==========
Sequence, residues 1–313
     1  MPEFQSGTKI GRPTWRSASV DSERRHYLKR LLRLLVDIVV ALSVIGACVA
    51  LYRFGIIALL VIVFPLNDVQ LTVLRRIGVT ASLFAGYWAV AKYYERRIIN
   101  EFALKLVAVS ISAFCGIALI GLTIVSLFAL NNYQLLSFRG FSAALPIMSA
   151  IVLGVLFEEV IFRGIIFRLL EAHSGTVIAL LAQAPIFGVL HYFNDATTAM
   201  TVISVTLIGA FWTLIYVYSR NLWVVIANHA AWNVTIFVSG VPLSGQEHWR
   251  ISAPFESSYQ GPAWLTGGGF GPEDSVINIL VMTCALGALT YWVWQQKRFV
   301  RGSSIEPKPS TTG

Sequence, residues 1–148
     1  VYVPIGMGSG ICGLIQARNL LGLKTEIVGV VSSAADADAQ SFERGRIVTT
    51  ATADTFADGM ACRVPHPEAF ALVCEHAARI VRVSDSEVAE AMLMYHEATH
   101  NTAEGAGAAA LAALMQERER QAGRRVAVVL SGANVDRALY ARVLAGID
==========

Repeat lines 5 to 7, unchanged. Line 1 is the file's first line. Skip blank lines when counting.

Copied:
   151  IVLGVLFEEV IFRGIIFRLL EAHSGTVIAL LAQAPIFGVL HYFNDATTAM
   201  TVISVTLIGA FWTLIYVYSR NLWVVIANHA AWNVTIFVSG VPLSGQEHWR
   251  ISAPFESSYQ GPAWLTGGGF GPEDSVINIL VMTCALGALT YWVWQQKRFV